Marjorie "Jean" Richards

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1922-2012 Jean, daughter of James and Esther Dawson, was born in England in 1922. She was a star student and runner. During World War II, she met her future husband at a dance. Fred 'Joe' Richards was an RCAF Spitfire pilot stationed at Sutton Bridge. They were married for more than 60 years, weathering the trauma and scars of war together. In 1945, a heavily pregnant Jean learned in a telegram that Joe's plane had been shot down over Nazi-occupied Holland. Devastated, she gave birth soon after to a son she named Fred. Miraculously, Joe survived the plane crash, eventually escaped and was reunited with Jean. She emigrated to Ontario via steamship. It was a difficult journey, caring for babies Sandy and Fred and washing countless cloth diapers. Once in Canada, her life was defined by?but not limited to?her domestic world. She kept a meticulous home and masterful garden, though the latter caused her no end of torment. It was not unheard of to be speaking with 'Nanny' over the phone, only to hear the receiver drop, a door open and shouts of 'Get out of there!' ring out. No ceasefire existed for the squirrels that dug up her bulbs. Jean's personality could be best captured in her many recipes?sweet mincemeat tarts, homemade pickles, tangy lemon squares and traditional lamb with mint sauce. Her door did not open without a tray of baking to greet us. Through-out her life, she retained her British accent and cutting wit. She once asked a cashier if her coffee shop 'heated bricks,' referring to the stale muffin she'd had the misfortune of choosing. Jean was a funny, loving, at times maddening matriarch; a born trickster who hid plastic praying mantises in her grandchildren's beds and told family ghost stories that caught our breath. She died peacefully on Dec. 15. We are comforted that she has rejoined Joe, her love. And you said we'd never be parted/When we grow old/And you said I'll see you in heaven/When we grow old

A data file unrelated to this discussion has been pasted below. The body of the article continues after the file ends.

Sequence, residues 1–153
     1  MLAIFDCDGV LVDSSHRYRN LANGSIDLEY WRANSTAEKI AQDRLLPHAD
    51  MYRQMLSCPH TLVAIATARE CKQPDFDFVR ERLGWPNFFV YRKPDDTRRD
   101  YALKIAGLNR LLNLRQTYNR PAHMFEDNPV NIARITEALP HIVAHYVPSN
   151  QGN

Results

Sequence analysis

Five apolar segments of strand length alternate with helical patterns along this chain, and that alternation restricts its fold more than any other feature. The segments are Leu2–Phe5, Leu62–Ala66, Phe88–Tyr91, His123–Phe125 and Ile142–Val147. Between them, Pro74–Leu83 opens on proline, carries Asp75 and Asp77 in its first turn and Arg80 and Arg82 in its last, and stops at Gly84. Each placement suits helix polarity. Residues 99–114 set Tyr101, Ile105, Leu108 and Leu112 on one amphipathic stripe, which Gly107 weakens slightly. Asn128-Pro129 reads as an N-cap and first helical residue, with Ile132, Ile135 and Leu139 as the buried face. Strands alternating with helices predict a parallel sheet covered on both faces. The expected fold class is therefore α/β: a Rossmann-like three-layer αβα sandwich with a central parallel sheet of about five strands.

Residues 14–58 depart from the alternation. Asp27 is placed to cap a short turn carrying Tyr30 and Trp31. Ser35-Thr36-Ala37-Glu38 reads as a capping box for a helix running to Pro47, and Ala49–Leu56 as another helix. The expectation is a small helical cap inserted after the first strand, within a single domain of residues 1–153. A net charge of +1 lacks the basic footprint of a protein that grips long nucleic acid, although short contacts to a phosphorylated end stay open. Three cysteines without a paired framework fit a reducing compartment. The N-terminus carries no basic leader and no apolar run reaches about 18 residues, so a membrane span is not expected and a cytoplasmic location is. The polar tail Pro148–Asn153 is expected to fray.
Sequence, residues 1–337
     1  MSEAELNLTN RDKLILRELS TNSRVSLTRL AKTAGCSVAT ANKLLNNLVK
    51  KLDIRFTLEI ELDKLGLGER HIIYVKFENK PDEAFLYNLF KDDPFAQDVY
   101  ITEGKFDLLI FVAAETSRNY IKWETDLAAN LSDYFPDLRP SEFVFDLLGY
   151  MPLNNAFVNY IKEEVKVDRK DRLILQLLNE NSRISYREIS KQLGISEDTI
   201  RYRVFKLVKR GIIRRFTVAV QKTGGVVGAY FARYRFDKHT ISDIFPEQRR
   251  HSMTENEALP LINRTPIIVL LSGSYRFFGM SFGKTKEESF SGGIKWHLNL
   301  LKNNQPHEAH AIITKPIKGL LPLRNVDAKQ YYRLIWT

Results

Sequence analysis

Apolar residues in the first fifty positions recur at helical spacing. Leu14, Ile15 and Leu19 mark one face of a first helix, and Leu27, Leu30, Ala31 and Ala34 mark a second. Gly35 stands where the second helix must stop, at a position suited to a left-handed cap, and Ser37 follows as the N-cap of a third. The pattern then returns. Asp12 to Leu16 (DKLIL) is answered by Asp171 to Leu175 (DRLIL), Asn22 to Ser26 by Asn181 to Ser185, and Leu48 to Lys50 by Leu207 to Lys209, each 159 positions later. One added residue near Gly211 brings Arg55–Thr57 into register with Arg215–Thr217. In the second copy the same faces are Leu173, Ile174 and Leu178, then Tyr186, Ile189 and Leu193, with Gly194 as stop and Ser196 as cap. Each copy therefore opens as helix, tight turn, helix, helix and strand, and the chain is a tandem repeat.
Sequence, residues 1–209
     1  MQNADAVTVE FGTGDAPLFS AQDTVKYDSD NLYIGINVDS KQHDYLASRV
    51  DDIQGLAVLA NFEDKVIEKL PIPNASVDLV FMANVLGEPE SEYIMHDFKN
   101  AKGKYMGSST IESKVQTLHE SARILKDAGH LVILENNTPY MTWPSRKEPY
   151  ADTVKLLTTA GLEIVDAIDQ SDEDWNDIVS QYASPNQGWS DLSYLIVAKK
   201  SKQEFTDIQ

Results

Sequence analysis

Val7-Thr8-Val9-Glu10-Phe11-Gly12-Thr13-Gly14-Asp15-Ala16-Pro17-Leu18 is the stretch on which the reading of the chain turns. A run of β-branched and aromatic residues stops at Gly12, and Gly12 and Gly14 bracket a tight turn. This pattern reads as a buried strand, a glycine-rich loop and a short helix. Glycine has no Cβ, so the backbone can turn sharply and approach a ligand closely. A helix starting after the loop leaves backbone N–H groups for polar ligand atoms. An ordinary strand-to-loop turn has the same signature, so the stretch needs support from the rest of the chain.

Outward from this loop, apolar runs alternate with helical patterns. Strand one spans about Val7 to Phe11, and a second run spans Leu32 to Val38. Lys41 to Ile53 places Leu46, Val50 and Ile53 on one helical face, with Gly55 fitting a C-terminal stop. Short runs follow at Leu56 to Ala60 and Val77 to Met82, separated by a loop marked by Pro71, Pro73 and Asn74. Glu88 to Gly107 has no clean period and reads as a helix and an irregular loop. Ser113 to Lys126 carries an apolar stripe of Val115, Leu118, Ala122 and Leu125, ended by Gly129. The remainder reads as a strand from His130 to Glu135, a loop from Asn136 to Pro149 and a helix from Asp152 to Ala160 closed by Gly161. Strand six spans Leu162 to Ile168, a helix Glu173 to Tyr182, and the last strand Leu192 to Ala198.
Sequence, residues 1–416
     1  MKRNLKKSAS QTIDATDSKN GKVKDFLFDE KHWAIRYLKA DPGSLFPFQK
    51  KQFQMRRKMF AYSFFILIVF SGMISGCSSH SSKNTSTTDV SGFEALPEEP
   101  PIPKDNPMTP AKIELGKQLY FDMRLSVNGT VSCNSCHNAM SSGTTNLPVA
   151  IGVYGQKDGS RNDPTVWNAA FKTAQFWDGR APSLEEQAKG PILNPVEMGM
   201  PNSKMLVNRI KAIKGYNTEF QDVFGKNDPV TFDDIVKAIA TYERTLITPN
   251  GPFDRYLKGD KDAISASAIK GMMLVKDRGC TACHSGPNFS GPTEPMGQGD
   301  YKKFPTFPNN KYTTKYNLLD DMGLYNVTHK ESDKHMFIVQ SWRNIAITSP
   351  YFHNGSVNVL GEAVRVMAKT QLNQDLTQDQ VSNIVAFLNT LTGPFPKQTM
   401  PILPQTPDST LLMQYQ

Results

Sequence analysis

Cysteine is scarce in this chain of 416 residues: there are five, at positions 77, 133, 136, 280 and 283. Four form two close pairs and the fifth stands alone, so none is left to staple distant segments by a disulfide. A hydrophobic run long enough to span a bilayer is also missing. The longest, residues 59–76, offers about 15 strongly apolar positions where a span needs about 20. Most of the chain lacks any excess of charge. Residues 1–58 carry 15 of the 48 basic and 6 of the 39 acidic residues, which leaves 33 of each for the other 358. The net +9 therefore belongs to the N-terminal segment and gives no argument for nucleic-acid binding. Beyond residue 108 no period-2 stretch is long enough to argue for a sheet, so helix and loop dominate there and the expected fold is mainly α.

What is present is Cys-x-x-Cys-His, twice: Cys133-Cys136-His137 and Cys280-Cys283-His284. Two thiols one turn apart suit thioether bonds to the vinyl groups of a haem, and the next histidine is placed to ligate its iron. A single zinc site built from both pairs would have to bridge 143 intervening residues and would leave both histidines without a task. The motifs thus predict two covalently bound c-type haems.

Donations to The War Amps ( preferred. Contact for memorial information.

Published in The Ottawa Citizen on Dec. 29, 2012
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